Will Orange Bowl Experience Help Iowa Stop Michigan's Denard Robinson?

Kevin TrahanAnalyst IOctober 15, 2010

MIAMI GARDENS, FL - JANUARY 05:  Adrian Clayborn #94 of the Iowa Hawkeyes rushes the quarterback against the Georgia Tech Yellow Jackets during the FedEx Orange Bowl at Land Shark Stadium on January 5, 2010 in Miami Gardens, Florida.  (Photo by Streeter Lecka/Getty Images)
Streeter Lecka/Getty Images

Following the BCS selection show last December 6, Iowa's coaching staff started a month long preparation to try to become the first team to stop Georiga Tech's rush offense, which was arguably the best in the country.

The prep time paid off, as Iowa completely shut down the vaunted Yellow Jacket rushing attack en route to a convincing 24-14 win and an Orange Bowl title.

Just like the game last January, Iowa has had an extended preparation time to prepare for another rush offense--the Michigan Wolverines.

But that is where the similarities end.

The Georgia Tech offense was characterized by a number of very strong rushers, while this week, Iowa will focus on stopping only one player--quarterback Denard Robinson.

The triple option was a rare offense, but a player like Robinson is even rarer in college football. Iowa has never seen such a dynamic player, let alone quarterback, in Kirk Ferentz's tenure. Ferentz compared him to former Indiana quarterback Antwan Randel El, but Robinson might be even better.

So while Iowa has experience containing a strong running game, it's back to the drawing board against this rushing attack.

Iowa's plan against Georgia Tech was to use its strength and speed up front (which will still be a factor against Robinson). The Hawkeye defensive line needed to penetrate through the Yellow Jacket offensive line and crush run plays before they even began. Without time to decide what to do with the ball, Tech quarterback Josh Nesbitt was unable to make plays for Tech. If a player did get through, the strong linebacker corps, led by Pat Angerer, was able to finish the rusher off after only a minimal gain.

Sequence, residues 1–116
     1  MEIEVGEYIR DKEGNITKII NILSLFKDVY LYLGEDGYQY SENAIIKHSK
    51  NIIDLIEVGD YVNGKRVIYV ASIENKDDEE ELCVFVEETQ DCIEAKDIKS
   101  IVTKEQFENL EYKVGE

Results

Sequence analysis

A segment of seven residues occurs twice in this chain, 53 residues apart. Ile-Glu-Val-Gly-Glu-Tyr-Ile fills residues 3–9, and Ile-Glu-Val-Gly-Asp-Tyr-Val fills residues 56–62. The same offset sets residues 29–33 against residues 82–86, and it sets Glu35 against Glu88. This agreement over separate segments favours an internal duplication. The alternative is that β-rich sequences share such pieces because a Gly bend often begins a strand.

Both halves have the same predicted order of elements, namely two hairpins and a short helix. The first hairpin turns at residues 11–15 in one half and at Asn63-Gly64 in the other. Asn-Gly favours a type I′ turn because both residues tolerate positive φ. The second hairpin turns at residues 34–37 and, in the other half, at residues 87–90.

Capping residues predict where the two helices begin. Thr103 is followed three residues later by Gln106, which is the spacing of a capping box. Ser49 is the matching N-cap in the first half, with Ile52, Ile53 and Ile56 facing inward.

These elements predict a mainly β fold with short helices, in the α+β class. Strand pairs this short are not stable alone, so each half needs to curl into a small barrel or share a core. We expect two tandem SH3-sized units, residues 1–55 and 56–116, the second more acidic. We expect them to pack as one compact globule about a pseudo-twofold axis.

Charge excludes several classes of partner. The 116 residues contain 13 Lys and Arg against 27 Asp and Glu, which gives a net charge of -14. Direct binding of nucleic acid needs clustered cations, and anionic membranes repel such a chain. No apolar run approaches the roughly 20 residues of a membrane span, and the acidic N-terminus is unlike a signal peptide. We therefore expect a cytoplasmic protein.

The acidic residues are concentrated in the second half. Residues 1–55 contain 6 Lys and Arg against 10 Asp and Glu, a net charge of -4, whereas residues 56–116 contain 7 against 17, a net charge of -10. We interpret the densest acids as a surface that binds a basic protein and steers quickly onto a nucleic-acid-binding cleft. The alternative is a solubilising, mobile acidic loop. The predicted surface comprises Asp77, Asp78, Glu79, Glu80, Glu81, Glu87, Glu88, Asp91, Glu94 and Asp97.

But Robinson adds another threat. He is very agile and fast, as evidenced by his place on the Michigan track team. Unlike the Georgia Tech rushers, he has the ability to get outside and make some damage.

Unlike last year in the Orange Bowl, Iowa's secondary, particularly the corners, will need to be involved in the run game. Shaun Prater and Micah Hyde have both shown promise at corner, but they need to mature for Iowa to have success in stopping Robinson.

The secondary has had too many missed tackles this season, and Robinson is very elusive and must be wrapped up better than the Hawkeyes have done against their first five opponents.

Another way of containing Robinson is maintaining a team-oriented unit. Many teams will put a spy on Robinson, but that's not the Iowa way. Expect the Hawkeyes to gang tackle Robinson much like they gang-tackled the Georgia Tech backs.

In short, the experience at the Orange Bowl last year will help Iowa prepare for Robinson, but the Hawkeyes face a much bigger test on Saturday.

But if any team is up for the challenge it's Iowa, which ranks second in the nation in rush defense, first in the nation in scoring defense, and is the only team in the country to have not given up a rushing touchdown.

And if the defensive line can stay strong and the secondary steps up, expect Iowa to contain Denard Robinson enough to leave Ann Arbor with a win.